After obtaining the order of eviction from the court, the tenant has 10 days to appeal the order. If the tenant does not appeal, then the landlord has to obtain a writ of possession from the clerk's office and have it delivered to the Sheriff's office. The Sheriff then has 7 days within which to serve the writ of possession. If the tenant does not take the personal belongings then in Mecklenburg County, the landlord has the option of paying $500.00 bond per room for packing plus a storage fee or the option of having the property stored on premises or off. The landlord must wait 10 days for the tenant to request a release of the property. If the tenant does not request a release then the landlord can sell the property at a warehouseman's sale and charge as a lien against the proceeds costs of the action, execution and storage.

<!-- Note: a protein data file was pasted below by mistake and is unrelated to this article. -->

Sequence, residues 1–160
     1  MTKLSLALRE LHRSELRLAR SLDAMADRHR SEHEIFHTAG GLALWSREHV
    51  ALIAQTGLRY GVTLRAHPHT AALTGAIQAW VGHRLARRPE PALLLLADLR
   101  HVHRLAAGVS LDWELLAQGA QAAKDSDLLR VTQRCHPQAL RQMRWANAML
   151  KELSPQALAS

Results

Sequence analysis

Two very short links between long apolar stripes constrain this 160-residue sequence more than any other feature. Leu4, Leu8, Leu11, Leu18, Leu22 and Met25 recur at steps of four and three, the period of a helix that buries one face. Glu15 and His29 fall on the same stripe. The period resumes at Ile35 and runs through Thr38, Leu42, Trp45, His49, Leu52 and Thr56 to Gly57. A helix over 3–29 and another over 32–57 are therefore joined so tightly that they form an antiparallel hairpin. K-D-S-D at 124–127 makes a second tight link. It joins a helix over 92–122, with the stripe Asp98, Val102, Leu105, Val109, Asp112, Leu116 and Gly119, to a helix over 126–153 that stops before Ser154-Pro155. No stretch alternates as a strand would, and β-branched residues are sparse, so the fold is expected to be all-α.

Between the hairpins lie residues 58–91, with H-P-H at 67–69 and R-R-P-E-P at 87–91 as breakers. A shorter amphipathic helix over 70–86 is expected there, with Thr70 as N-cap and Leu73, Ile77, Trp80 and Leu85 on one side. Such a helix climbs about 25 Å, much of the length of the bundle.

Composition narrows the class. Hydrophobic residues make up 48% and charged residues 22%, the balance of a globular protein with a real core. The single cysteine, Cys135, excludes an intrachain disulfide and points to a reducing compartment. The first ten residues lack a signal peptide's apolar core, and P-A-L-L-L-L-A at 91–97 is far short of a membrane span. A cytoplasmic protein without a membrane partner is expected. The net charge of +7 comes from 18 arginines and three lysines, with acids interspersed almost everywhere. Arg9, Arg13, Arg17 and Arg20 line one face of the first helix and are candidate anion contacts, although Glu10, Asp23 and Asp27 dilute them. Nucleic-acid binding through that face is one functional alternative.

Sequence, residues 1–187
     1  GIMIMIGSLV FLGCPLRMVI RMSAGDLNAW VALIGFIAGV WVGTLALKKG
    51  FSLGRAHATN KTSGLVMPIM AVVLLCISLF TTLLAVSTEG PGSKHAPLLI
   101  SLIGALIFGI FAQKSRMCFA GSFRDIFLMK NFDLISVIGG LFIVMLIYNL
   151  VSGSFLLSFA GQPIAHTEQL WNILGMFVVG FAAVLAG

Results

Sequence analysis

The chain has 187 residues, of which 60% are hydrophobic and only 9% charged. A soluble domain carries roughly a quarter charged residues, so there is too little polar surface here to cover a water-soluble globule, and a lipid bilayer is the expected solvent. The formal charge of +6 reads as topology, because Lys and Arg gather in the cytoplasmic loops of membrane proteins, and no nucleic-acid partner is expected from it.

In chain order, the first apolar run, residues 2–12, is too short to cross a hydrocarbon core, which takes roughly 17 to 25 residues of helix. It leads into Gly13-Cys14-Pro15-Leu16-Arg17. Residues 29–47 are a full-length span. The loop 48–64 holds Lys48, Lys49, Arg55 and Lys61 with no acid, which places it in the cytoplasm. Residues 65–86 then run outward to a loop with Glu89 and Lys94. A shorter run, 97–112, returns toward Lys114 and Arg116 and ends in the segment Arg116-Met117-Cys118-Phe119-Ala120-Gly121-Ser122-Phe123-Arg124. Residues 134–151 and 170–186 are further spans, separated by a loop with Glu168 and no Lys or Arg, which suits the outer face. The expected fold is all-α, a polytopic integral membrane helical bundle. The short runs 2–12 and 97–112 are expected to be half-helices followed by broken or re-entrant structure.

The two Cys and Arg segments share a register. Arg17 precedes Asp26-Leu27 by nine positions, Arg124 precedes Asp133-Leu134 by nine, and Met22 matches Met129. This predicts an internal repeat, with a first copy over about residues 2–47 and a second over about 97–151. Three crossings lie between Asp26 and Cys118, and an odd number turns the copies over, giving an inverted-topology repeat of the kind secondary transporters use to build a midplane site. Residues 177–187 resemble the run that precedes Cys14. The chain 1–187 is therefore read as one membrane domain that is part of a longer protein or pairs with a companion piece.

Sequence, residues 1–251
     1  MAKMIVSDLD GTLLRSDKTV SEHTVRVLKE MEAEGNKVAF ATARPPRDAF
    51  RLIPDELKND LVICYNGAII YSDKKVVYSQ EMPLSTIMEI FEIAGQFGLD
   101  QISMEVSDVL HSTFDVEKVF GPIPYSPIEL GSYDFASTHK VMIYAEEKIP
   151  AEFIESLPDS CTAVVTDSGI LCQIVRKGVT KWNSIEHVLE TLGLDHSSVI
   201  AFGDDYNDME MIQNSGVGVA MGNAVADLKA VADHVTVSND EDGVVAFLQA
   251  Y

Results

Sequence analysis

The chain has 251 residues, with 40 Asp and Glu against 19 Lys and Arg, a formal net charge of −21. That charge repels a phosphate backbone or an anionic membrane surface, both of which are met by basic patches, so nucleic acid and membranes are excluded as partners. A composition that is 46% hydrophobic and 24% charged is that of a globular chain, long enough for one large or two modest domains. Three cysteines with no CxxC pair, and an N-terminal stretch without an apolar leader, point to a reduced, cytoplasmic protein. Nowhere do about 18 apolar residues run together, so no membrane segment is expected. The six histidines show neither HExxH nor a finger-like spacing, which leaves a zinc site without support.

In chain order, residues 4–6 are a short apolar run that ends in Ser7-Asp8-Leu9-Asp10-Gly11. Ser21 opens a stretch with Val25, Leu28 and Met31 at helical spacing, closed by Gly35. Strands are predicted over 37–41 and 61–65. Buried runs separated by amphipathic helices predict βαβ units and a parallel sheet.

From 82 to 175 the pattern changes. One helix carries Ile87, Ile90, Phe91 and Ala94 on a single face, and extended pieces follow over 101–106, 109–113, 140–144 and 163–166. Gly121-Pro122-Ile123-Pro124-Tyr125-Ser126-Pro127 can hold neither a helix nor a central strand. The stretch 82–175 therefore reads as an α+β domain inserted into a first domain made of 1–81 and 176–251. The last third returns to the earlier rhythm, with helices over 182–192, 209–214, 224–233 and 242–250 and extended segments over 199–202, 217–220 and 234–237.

This is an outline of the tenant eviction process. It is important to always check the written lease, if one exists, because often these circumstances will be dictated by the lease. It is also important to follow all statutory guidelines to avoid any adverse legal consequences, such as an action for damages against the landlord by the tenant.